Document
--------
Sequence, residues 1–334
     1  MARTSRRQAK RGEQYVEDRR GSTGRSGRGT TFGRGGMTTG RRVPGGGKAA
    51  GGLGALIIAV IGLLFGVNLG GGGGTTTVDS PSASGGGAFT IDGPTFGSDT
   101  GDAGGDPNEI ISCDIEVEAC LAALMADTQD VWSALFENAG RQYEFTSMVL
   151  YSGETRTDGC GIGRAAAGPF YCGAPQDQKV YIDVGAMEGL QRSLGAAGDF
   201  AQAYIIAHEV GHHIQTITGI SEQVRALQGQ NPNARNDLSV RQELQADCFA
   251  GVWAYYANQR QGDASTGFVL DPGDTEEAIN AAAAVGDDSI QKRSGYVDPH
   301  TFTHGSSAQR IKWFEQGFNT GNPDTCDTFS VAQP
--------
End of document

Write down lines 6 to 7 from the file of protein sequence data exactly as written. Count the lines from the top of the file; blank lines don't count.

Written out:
   201  AQAYIIAHEV GHHIQTITGI SEQVRALQGQ NPNARNDLSV RQELQADCFA
   251  GVWAYYANQR QGDASTGFVL DPGDTEEAIN AAAAVGDDSI QKRSGYVDPH